Doctors speak out on appalling hospitalsComment on this story
Johannesburg - Increased mortality, growing waiting lists and unfilled vacancies. This is the picture painted of the Port Elizabeth Health Complex by its top doctors.
In a damning statement endorsed by all 30 specialists in the complex, the doctors are calling for action as staff shortages inhibit their ability to provide adequate health care.
They allege the health complex - which comprises three large provincial hospitals: Dora Nginza, Livingstone and Port Elizabeth - has lost 47 doctors this year, with no advertisements calling for replacements published and only “a handful” of positions refilled.
Furthermore, three heads of department - in surgery, urology, and plastic surgery and burns - have resigned, “almost entirely due to the critical staff shortages”.
Another two heads of department, in neurosurgery and cardiology, have not had their contracts renewed.
Numbers provided show a drastic increase in infant and child-mortality rates in the past year, with growing surgery waiting lists in every other department.
“We feel it our duty to inform the public that there are certain, essential tertiary services that cannot be rendered effectively, and we believe that the Eastern Cape Department of Health, which has done very little to avert this crisis, must take full responsibility for the increased mortality and morbidity which will inevitably flow from this catastrophic situation,” reads the statement.
But the province’s health department has dismissed the statement.
Spokesman Sizwe Kupelo called it “grandstanding” and “nothing but a dereliction of duty”. He said a list of 17 new doctors was waiting on approval from the Treasury, while requests had been submitted for a further 15.
He added that if there were vacancies in hospitals, it was the specialists’ duty to notify the department to advertise that position. He said doctors were not doing so.
The department was doing “everything in its power” to get doctors. But once filled, it was also up to specialists to ensure the posts stayed filled, he said.
“We have a situation where these specialists are the most senior people in the hospital,” Kupelo said.
“They are expected to mentor young recruits. They have failed to do that. This is grandstanding. They are politicising service delivery.
“This is why we’re paying specialists millions and millions... They don’t do what they’re paid to do. They sit and complain and complain and complain until Jesus comes… We have an issue that instead of sitting around a table, these people go public.”
This is the second time the health complex has taken its grievances to the media.
In June, representatives held a media conference airing the same woes. Several senior staff members were threatened with disciplinary action for going public. And now they say that, if anything, their problems have only become worse.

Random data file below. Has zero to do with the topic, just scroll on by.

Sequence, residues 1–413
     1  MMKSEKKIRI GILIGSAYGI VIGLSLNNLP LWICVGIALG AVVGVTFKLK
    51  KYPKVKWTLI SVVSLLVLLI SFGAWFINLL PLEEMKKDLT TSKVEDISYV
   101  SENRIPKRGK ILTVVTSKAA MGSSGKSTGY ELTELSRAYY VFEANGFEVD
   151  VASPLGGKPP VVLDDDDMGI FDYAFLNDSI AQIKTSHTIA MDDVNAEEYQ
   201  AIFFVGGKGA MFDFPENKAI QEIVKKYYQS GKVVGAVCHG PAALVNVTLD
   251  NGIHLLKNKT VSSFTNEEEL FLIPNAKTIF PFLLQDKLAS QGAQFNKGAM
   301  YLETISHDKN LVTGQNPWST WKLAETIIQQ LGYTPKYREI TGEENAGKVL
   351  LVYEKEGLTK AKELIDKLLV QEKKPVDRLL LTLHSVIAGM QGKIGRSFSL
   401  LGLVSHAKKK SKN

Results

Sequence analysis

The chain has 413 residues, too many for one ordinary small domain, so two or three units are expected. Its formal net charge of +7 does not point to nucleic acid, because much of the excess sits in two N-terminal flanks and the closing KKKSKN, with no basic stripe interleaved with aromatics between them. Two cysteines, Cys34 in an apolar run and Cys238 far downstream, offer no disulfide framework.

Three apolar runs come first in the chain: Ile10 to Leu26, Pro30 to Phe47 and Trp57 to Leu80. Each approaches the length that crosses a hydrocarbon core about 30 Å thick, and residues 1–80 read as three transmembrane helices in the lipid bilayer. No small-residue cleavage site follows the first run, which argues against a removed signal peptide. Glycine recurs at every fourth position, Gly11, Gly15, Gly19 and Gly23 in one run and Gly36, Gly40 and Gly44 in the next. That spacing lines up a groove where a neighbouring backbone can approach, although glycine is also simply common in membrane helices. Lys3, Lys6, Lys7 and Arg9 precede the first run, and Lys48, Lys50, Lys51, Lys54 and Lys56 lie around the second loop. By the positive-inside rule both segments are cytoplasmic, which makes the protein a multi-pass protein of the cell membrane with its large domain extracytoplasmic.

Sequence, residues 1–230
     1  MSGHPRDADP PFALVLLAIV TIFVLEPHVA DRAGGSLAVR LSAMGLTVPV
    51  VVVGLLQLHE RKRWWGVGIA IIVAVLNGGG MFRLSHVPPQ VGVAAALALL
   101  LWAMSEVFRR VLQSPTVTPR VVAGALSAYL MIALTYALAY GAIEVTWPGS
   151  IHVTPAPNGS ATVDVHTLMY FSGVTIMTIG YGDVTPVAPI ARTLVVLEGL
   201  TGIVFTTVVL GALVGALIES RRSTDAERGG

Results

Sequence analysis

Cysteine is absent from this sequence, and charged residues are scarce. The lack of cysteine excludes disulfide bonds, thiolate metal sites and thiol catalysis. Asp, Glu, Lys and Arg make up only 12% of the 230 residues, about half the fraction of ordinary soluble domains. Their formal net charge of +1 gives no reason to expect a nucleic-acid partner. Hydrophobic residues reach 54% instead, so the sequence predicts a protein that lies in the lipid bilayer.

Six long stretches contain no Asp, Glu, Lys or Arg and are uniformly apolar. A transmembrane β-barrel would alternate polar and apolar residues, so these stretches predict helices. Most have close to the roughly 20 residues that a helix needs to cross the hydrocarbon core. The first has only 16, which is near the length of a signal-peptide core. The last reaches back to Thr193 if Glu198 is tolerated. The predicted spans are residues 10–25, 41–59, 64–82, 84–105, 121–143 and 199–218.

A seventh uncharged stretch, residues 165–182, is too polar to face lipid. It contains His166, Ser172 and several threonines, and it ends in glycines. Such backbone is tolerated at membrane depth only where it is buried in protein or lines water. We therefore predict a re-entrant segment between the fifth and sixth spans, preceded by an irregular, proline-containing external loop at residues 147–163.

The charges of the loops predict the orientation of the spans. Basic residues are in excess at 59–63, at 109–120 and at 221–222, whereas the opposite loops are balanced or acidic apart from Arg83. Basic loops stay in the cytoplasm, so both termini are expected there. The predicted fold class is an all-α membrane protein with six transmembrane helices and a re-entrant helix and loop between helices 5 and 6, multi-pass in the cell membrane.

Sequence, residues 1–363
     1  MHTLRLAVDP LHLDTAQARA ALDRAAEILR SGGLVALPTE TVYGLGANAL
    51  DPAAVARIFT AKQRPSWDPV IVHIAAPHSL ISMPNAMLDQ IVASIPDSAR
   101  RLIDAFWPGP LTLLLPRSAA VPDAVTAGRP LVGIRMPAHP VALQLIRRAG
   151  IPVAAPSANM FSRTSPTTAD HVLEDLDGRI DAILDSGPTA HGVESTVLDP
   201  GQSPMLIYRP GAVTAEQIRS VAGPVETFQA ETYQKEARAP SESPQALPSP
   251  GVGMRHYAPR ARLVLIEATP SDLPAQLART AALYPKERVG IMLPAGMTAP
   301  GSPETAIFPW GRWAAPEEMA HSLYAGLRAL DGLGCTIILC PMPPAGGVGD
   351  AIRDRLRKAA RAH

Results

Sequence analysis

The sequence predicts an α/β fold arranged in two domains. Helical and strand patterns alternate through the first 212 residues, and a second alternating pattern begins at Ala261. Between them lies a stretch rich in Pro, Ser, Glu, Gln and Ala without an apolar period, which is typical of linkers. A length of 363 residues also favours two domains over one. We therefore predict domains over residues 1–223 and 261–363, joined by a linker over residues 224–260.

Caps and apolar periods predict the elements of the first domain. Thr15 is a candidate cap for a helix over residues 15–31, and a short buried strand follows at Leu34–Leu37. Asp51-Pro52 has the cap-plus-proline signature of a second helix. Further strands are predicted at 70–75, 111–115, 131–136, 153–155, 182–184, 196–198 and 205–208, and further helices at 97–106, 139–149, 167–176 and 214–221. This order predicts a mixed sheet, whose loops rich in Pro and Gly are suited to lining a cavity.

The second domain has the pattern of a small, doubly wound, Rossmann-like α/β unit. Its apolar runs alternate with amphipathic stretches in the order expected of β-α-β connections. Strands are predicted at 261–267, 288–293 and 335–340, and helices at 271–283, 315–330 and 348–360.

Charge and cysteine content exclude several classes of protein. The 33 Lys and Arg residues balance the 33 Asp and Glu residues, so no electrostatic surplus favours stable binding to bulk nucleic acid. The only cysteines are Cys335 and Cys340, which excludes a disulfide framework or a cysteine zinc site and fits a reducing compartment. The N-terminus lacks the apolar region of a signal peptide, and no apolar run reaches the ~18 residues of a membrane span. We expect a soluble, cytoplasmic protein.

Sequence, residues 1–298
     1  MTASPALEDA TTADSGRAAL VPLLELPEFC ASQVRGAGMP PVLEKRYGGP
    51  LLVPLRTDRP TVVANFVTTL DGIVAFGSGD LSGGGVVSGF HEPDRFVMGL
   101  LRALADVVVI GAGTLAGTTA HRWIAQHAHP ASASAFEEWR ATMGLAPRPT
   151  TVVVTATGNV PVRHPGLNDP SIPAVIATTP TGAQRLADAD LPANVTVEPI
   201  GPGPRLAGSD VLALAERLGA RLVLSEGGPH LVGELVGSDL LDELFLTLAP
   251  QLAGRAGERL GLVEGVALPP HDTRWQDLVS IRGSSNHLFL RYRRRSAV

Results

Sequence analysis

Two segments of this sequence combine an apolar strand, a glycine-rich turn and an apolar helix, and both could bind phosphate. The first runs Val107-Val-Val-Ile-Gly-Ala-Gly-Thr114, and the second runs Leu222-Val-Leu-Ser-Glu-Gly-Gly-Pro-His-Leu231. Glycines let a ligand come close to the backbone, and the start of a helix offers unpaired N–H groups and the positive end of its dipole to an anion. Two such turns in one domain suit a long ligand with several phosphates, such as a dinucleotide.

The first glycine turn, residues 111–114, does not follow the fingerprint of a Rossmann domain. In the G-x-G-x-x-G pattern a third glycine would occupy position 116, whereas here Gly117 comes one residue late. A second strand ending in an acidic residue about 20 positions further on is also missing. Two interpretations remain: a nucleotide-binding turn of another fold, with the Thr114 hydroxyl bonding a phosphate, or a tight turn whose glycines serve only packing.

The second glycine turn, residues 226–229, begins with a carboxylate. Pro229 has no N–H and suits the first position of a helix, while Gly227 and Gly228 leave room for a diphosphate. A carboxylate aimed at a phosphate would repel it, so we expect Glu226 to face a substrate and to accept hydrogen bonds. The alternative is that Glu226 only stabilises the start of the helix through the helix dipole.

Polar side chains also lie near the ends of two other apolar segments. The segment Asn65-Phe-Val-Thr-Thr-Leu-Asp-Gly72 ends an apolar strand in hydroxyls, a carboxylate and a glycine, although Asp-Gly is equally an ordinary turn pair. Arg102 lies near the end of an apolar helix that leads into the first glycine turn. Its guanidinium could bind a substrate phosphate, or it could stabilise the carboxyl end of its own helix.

“My contract expired on November 30,” said head of cardiology Dr Basil Brown.
“My application for renewal, I’m told, is still being considered. I’m working for nothing.”
He said the doctors were prepared to face the consequences of their statement.
“The public needs to be made aware of this situation.”
According to Section27, the province’s health department was facing a shortfall of between R2.5 billion and R3 billion at the end of the last financial year - a shortfall that would have had to have been funded out of the 2012/2013 budget.
“Given the 2012/13 budget is already considered to be insufficient to meet the needs of the department and has in fact declined in real terms, this is likely to severely exacerbate their weak financial position,” says the social justice group.
“This is likely to impact on service delivery in the province.”
What’s ailing in health care:
The department has lost a third of its staff, but, after “numerous applications”, none of the posts have been filled. It has stopped rural outreach, which has led to more mother and baby deaths in these rural areas.
“The situation is a disaster as, without anaesthetics, no surgery may be performed,” says the statement.
Four of the unit’s five doctors have left without being replaced. The remaining doctor is now only accepting referrals of patients with burns over more than 20 percent of their bodies, or 15 percent for children.
By the end of the year, only one of the department’s three medical officers will still be at the hospital.
“If no replacements are appointed, the clinic and in-patient services will have to be severely curtailed,” says the statement.
With only two full-time specialists and one junior doctor, the department’s waiting list for open-heart surgery is greater than six months, with a year’s wait for child patients.
“A number of candidates have applied for positions in the department but could not be appointed due to financial problems,” the statement claims.
There has been no full-time ENT specialist at the PHEC for 10 years. A South African surgeon who was head-hunted in Australia to fill the post arrived, only to be told that his appointment had not been approved.
As such, no major surgeries can be performed in Port Elizabeth and emergencies have to be transferred to East London.
With no junior staff available to man the ICU next month, the unit is expecting to close the adult department of critical care on January 2.
Because of severe staff shortages, only emergency referrals will be accepted as of January 1.
With only one neaurosurgeon remaining, the waiting list for surgery patients is at least 60. Of the two junior doctors in the department, one is leaving at the end of the year.